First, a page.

Grace Young, Brandon Jew, Jennifer Tam and Victoria Lee, Daphne Wu, and Wellington Chen (left to right)
(Photo credits, left to right: Christine-Han, Pete Lee, NA, Michael Appleton/Mayoral Photography Office )
NOTE: Free program, registration required.
Since its introduction to the United States more than 150 years ago, Chinese cuisine has become an American staple. Its cooking techniques, from stir frying and smoking to steaming and braising, have grown in popularity over the decades. At the same time, Chinese Americans have been ridiculed, shunned, excluded, and discriminated against. In the COVID-19 era, anti-Asian racism and violence against Asian Americans have been widespread, and many storied institutions—from small mom-and-pop shops to massive dim sum banquet halls—have permanently closed their doors. Why is the survival of Chinese restaurants so essential to the future of American culture and to the soul of our cities? How do we preserve the legacy of Asian food in America, and why do these efforts matter now?
Join a panel of chefs, advocates, and activists who discuss the future of Chinatowns across the country. The panel includes food writer Grace Young, a James Beard Award-winning cookbook author and co-creator of Coronavirus: Chinatown Stories; Brandon Jew, chef and owner of Mister Jiu's, Moongate Lounge, and Mamahuhu in San Francisco, and author of Mister Jiu's in Chinatown: Recipes and Stories from the Birthplace of Chinese American Food (Ten Speed Press); Jennifer Tam and Victoria Lee, founders of Welcome to Chinatown, a grassroots initiative supporting New York City’s Chinatown businesses; Daphne Wu, co-organizer of Save Our Chinatowns, an arts and culture initiative uplifting Bay Area Chinatown communities; and Wellington Chen, executive director of the Chinatown BID/Partnership in New York.
BOOK SALE INFORMATION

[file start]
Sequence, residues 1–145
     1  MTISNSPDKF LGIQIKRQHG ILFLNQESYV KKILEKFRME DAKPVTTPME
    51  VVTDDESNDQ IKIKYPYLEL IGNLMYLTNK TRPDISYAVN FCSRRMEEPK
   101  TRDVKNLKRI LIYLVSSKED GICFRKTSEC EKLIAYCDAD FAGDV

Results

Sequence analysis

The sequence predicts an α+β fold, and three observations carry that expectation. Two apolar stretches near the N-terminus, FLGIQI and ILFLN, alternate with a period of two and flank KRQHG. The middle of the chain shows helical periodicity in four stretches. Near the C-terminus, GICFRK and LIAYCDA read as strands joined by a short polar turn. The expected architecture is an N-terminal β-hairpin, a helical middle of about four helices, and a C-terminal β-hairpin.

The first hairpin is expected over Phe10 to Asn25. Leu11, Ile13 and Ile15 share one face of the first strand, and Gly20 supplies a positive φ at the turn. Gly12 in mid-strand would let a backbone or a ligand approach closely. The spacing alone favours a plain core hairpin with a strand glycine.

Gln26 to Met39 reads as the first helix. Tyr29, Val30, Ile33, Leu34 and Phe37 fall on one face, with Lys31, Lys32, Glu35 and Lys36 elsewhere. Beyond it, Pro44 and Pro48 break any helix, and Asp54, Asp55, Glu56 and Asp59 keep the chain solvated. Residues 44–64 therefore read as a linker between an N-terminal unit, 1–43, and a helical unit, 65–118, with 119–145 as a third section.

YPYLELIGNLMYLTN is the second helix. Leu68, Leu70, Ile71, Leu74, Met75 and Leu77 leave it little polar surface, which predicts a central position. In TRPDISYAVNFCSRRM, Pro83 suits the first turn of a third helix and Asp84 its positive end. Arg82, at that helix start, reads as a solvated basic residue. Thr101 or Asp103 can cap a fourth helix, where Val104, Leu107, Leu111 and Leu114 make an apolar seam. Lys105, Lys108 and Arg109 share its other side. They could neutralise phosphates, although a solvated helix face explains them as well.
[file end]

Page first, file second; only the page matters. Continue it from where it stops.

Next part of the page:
Asian foods and cooking have long been an indelible part of America’s food culture, and yet we also harbor complicated relationships with the people who prepare our meals. Earlier this year, Asian American activists carried signs reading “Love Us Like You Love Our Food” as they denounced a surge of anti-Asian racism in communities across the United States during the global pandemic.
CULINASIA is a dynamic, free series of virtual conversations that explore food legacies and the ways in which Asian Diaspora cuisine continues to change and enrich our lives. Join chefs, food writers, food entrepreneurs, home cooks, cookbook authors, and other participants whose heritage and experiences span the complex spectrum of Asian Diaspora identities in the United States as they discuss the successes, challenges, and future of Asian food in America.
CULINASIA is curated by Burmese American restaurateur and cultural connector Simone Jacobson.
The series received federal support from the Asian Pacific American Initiatives Pool administered by the Smithsonian Asian Pacific American Center.
Recordings of these programs will be posted on the Freer and Sackler Gallery's YouTube channel within the next few weeks: https://youtube.com/freersackler.
Additional CULINASIA programs
- If you register multiple individuals, you will be asked to supply individual names and email addresses so they can receive a Zoom link email. Please note that if there is a change in program schedule or a cancellation, we will notify you via email, and it will be your responsibility to notify other registrants in your group.
- Unless otherwise noted, registration for streaming programs typically closes two hours prior to the start time on the date of the program.
- Once registered, patrons should receive an automatic email confirmation from CustomerService@SmithsonianAssociates.org.
- Separate Zoom link information will be emailed closer to the date of the program. If you do not receive your Zoom link information 24 hours prior to the start of the program, please email Customer Service for assistance.
- View Common FAQs about our Streaming Programs on Zoom.